Her family story begins in Ireland, travels across oceans to south Texas in 1847 and then back again in present time. As her daughter prepares to marry an Irishman and move to Ireland, Gracey must learn to accept that “family” lives on through blood ties and dreams. A trip to Ireland for the wedding festivities puts the past into a new prospective rich with tradition and kinship.

Vignettes about various family members and snippets of historical events present a multigenerational tale of women and men who did what was necessary, good or bad, to survive. Two lonely young Irish girls forced to find their way in a faraway country called America. Starvation. A man who loved his family, but can’t overthrow the hold of liquor. Theft and lying. A grandmother who takes on caring duties when a lonely mother skips town for an affair.

Bernhard’s novel tugs at the heart. She has crafted a story that survives through tough characters and grueling circumstances. Readers will finds parts of themselves in the tale of extended Walsh-Mueller family. How many of us have similar branches in the family tree? We may think we know about those who went before us, but secrets usually only darken with time while successes grow dim.

“A Good Girl” is a finalist in the 2017 Kindle Book Awards and a nominee for the 2018 PEN/Robert W. Bingham Prize. It has been a featured novel at several book festivals, including statewide events in Mississippi and Louisiana.

‘The Specter of Seduction’

specterRaissa James and Reginald Proctor take on a spirit of a different sort in “The Specter of Seduction,” the third novel in the “Pluto’s Snitch” series by Carolyn Haines. The author and her wicked imagination again take readers back in time through carefully detailed research and descriptive dialogue.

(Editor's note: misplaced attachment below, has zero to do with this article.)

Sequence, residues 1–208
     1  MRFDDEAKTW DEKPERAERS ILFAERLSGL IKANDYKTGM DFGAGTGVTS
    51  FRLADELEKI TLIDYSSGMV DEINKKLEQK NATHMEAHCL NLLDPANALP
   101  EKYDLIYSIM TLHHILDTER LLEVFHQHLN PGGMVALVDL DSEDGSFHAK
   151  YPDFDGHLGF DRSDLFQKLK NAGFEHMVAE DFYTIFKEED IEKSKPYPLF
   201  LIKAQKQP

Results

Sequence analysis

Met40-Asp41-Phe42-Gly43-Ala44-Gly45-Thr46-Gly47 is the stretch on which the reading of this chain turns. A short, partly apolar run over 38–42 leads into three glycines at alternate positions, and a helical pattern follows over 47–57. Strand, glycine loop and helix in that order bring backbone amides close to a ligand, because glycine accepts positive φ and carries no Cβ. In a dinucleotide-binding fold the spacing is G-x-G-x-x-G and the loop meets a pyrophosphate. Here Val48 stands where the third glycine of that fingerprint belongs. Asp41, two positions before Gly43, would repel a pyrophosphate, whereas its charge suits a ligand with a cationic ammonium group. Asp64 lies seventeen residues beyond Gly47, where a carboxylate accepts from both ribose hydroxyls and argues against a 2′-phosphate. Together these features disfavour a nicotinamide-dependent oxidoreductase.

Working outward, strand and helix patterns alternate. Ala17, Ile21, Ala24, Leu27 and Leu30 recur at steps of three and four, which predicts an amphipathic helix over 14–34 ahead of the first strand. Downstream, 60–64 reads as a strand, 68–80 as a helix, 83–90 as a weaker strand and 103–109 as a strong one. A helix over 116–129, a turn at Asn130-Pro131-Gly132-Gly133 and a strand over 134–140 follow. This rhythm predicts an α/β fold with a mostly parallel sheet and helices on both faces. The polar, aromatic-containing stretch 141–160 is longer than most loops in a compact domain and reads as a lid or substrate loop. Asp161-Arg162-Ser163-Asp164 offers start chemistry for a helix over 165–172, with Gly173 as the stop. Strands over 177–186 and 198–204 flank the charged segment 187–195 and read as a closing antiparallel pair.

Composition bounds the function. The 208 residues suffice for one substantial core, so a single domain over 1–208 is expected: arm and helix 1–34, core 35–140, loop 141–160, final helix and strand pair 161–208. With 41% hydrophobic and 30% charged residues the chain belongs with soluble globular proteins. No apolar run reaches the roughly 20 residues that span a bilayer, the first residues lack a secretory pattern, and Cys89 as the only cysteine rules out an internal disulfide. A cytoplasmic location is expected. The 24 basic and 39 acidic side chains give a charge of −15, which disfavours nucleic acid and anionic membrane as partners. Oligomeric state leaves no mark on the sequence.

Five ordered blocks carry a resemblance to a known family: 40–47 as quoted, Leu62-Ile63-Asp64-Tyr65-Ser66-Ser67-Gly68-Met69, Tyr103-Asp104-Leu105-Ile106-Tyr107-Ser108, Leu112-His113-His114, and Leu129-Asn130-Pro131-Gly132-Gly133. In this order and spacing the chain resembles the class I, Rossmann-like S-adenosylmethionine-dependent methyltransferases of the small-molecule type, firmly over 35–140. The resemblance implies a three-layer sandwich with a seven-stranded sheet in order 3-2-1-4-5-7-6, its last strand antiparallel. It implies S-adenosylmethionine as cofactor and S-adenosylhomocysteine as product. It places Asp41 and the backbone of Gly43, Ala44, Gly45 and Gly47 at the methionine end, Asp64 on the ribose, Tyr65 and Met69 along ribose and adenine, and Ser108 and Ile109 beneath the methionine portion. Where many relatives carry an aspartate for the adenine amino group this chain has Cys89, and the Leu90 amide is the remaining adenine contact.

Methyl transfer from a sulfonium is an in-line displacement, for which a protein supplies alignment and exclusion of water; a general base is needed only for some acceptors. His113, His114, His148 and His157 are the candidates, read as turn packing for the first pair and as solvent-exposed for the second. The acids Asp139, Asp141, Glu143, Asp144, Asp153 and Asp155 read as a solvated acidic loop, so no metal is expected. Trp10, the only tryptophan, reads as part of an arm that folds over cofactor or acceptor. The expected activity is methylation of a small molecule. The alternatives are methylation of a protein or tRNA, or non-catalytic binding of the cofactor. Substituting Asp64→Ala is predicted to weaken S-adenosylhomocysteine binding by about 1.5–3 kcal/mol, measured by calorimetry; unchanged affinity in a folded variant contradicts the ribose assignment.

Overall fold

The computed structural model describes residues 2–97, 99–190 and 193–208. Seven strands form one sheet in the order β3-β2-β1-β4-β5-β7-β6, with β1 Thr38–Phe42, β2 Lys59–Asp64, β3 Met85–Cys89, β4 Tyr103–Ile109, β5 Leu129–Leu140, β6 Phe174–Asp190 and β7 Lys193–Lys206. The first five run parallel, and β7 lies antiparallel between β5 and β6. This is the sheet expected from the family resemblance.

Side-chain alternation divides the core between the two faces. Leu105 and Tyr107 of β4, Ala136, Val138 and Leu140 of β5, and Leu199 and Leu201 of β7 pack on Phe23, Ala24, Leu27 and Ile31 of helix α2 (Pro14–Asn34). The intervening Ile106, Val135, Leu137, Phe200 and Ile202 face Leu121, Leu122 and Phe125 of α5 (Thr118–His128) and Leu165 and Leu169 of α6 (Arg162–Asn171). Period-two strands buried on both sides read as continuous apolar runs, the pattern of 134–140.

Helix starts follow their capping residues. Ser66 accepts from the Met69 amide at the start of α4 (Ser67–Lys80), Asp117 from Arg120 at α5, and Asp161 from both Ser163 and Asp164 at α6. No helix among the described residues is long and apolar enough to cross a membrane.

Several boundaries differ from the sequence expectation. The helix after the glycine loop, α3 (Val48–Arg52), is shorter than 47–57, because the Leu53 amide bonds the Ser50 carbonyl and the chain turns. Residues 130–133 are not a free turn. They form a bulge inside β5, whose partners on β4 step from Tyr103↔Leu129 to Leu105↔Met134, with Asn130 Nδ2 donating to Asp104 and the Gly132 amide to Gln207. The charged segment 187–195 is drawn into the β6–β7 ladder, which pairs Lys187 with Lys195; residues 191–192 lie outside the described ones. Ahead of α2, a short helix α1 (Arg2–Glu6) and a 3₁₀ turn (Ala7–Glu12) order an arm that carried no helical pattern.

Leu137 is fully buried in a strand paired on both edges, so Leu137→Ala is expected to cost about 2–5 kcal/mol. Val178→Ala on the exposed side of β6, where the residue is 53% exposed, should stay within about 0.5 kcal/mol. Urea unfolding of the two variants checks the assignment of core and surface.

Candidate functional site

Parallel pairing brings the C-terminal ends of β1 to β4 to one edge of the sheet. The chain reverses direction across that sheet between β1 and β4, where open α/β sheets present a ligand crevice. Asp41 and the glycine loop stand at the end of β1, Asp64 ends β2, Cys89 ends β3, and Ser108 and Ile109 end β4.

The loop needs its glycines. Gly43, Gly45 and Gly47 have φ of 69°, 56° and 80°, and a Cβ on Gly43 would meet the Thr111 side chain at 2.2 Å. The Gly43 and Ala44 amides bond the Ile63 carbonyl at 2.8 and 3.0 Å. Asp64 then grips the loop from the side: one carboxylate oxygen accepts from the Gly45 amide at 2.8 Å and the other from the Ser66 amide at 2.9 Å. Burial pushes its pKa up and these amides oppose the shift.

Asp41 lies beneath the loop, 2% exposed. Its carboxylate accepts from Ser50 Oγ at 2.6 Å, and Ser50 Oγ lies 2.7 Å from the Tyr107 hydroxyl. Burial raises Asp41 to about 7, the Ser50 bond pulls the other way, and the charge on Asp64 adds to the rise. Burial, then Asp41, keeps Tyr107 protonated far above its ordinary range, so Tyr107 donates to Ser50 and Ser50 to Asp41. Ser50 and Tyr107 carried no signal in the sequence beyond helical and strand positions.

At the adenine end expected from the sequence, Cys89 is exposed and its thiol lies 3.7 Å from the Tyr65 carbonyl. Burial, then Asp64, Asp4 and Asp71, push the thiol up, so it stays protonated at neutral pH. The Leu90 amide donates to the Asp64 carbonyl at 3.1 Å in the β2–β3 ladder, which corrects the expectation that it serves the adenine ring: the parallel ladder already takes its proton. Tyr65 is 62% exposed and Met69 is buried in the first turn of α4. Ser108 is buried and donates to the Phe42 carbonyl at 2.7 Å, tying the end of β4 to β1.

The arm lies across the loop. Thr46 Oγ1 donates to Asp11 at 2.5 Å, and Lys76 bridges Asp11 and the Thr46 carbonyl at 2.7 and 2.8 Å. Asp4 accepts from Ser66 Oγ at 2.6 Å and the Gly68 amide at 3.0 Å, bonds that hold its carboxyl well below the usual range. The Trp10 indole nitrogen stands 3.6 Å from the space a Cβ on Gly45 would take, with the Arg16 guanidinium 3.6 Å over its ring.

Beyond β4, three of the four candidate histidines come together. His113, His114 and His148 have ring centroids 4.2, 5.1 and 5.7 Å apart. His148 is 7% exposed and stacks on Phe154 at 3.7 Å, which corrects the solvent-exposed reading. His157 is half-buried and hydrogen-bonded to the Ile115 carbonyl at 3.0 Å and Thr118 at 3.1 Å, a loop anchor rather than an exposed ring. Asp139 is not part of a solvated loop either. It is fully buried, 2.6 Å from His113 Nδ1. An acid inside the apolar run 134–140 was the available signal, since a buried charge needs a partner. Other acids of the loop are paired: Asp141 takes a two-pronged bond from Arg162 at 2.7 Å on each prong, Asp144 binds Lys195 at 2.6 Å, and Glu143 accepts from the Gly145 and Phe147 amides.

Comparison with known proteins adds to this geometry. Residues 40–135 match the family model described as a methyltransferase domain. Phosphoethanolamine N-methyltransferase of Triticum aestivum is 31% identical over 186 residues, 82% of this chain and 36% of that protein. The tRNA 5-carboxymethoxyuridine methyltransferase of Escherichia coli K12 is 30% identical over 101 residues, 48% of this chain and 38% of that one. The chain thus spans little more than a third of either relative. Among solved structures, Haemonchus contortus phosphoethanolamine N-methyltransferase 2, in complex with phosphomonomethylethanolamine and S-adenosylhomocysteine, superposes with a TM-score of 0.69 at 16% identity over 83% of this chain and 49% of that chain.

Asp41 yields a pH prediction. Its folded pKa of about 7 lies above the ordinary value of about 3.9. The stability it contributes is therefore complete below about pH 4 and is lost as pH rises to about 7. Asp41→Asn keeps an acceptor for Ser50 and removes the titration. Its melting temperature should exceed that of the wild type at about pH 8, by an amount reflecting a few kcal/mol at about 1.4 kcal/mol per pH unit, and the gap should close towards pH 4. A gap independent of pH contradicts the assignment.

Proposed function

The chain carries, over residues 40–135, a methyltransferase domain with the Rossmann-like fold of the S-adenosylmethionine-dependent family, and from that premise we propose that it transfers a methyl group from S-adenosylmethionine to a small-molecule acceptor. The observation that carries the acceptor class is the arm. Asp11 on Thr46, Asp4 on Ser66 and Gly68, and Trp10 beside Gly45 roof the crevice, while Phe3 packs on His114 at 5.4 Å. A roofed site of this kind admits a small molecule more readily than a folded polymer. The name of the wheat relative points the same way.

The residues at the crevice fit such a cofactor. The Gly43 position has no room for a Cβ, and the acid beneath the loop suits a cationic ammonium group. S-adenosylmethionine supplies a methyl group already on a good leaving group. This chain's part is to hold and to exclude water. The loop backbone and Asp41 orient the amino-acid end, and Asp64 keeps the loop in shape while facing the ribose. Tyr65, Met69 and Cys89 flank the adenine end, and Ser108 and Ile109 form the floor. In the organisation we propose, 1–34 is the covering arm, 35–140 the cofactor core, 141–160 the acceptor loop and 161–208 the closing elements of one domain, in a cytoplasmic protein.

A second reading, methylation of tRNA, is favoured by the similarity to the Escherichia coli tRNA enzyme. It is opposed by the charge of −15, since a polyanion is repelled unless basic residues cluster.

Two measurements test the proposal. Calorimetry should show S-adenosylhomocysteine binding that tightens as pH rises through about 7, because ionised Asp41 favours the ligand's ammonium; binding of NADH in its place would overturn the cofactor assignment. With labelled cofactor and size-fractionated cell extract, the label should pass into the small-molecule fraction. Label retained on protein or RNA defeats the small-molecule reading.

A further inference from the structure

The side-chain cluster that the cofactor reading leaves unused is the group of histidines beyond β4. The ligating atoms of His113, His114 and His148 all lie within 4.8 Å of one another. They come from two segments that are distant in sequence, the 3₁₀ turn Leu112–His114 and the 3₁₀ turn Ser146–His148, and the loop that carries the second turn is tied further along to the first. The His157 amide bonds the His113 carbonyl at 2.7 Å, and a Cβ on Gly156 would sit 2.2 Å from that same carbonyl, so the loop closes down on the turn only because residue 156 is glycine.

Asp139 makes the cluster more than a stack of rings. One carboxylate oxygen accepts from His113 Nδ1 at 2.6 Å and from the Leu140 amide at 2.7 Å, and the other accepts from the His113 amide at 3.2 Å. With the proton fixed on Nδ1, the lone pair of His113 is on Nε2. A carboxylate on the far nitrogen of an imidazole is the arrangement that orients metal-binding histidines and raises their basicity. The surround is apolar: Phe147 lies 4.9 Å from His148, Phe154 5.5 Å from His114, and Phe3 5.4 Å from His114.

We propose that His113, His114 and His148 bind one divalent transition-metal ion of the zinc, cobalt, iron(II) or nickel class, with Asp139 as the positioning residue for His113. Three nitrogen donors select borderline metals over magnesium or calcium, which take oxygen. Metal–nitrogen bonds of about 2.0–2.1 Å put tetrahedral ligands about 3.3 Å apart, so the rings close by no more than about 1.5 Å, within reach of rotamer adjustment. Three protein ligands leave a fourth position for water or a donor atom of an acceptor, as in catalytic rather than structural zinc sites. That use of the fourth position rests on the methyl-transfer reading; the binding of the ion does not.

The historic fiction series focuses on an unlikely pair who have found they have a knack for helping those plagued by unwanted entities whether they be living or dead. In their latest adventure, Raissa and Reginald, partners in the Pluto’s Snitch detective agency, have been asked to investigate a young girl’s invisible playmate named Polly. However, all is not quite what it appears to be at Waverley House, a once prospering plantation in northeast Mississippi.

At times, Amanda, the daughter of Royal and Ann Sheridan, acts much older than her 8 years. The mansion and grounds under renovation are isolated from the nearby town, but the area is known as a hot spot for college-age lovers. It’s rumored that young women became aggressively amorous, so couples are willing to risk the wrath of the shotgun-toting property owner. When a man is found dead in the woods, Royal Sheridan is arrested for the murder based on the eye witness account of a mysterious young woman.